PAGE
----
Neither the pandemic nor a recent district merger has kept Williston Basin School District #7 from continuously strengthening its commitment to putting students first. The combined district, located 60 miles south of the Canadian border in petroleum-rich western North Dakota, now has over 5,000 students and 700 staff. Social and emotional learning (SEL) is currently embedded into each school day to give learners valuable skills and the personal attention they so much need to navigate this challenging time. The high value placed on each unique learner in the district is further evident in its innovative education model, learner-centered approach and unique Innovation Academy with self-paced, nontraditional learning paths.
Leaving behind a whack-a-mole culture
Educator Lisa Newson began her career teaching technology to kindergarteners, and after five years in the classroom, she moved over to tech. She recalls a sticky time during the process of technology integration when the culture in the school had begun to lose sync with the district’s larger vision of empowering students. It was pre-pandemic and her district was using a different classroom management tool. With no contact support button for staff, every time it stopped working, the job of getting support fell on her as the tech person managing the program. She recalls having to go through three or four levels before getting to someone with an understanding of what she needed. It was a weeklong process, every single time she called.
Having never lost sight of the learners ultimately affected by every technology decision, Newson also questioned the current student monitoring mentality that seemingly boiled down to, “How many times can we close out a tab on a kid?” Unfortunately, that was the obvious option as educators monitored student screens with that system.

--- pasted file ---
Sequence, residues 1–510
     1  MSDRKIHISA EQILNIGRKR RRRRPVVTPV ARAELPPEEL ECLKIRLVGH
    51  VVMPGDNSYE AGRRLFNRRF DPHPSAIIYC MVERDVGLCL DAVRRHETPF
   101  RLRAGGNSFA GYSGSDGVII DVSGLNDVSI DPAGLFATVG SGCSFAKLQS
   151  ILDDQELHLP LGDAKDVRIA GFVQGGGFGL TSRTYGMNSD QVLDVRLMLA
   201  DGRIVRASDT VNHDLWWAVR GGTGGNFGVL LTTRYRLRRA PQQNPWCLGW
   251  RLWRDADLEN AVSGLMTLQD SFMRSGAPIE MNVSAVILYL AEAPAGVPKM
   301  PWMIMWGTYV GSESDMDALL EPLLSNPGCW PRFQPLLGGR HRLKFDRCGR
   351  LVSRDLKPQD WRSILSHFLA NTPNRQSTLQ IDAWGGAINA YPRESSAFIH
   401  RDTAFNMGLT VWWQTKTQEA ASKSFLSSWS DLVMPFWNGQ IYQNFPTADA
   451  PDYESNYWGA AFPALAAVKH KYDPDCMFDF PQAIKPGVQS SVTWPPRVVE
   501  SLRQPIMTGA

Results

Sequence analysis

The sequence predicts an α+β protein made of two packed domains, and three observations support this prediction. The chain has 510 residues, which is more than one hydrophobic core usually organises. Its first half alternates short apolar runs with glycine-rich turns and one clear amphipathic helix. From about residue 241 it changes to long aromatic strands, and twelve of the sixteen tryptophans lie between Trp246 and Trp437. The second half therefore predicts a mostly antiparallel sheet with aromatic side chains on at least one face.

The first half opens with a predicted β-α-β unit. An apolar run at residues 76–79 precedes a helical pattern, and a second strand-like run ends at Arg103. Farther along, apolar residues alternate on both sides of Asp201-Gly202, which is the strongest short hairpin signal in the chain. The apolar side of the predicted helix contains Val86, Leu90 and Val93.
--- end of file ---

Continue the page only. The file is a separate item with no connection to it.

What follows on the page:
“The culture that came from using the other monitoring tool was very whack-a-mole, which I didn’t care for, especially coming from a kindergarten background where it’s so vital to be involved with your students actively,“ she says.
In early conversations with Hāpara during the 2018-2019 school year, Newson will never forget hearing Hapara’s Robert Bailey say something like, “We don’t support the whack-a-mole approach to classroom management because it doesn’t help kids, instead we want to support you in engaging with your students.”
“That spoke to me on just such a core level that I was very much on board from the get-go,” says Newson. Feedback from teachers she worked with echoed her sentiments. These feelings were especially true for those who didn’t like sitting watching what their students were doing on their screens and closing out tabs all day. For them, Hāpara offered a different focus that put students first. More amazingly, Hāpara’s approach helped shift the mindset of those staff members who had grown comfortable in that knee-jerk response mode. Showing educators alternatives, like using focus sessions and filter sessions to manage their classrooms, moved the needle toward more student responsive practices across the board.
“The way that Hāpara is built makes it so much more intuitive for teachers to engage with their learners rather than simply closing tabs. When using Highlights, as an educator you have the opportunity to talk to your student about their activity in your classroom instead of simply closing the tab and moving on—or closing it again, again, and again, whack-a-mole style!”
“That opportunity can be utilized in so many ways to not only help the student stay on task, but to help educators learn more about how their students may learn better and how they can best help them do so. As importantly, it enables teachers to approach kids about digital citizenship in ways that are natural, and much more effective than a forced conversation or lesson.”
“Hāpara gives the teachers so many tools and all student-first tools. It’s not about tightening things down for kids, it’s not management for kids; it’s thinking of the student first and what we can do to support them.”
One indicator of a distinct, more embracive environment is that students no longer actively look for work-arounds, which had been a constant battle between teachers and kids with their previous provider, like the popular student search to bypass a monitoring tool cited in a Bloomberg Businessweek article.
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How Workspace amplified the students-first mission at District #7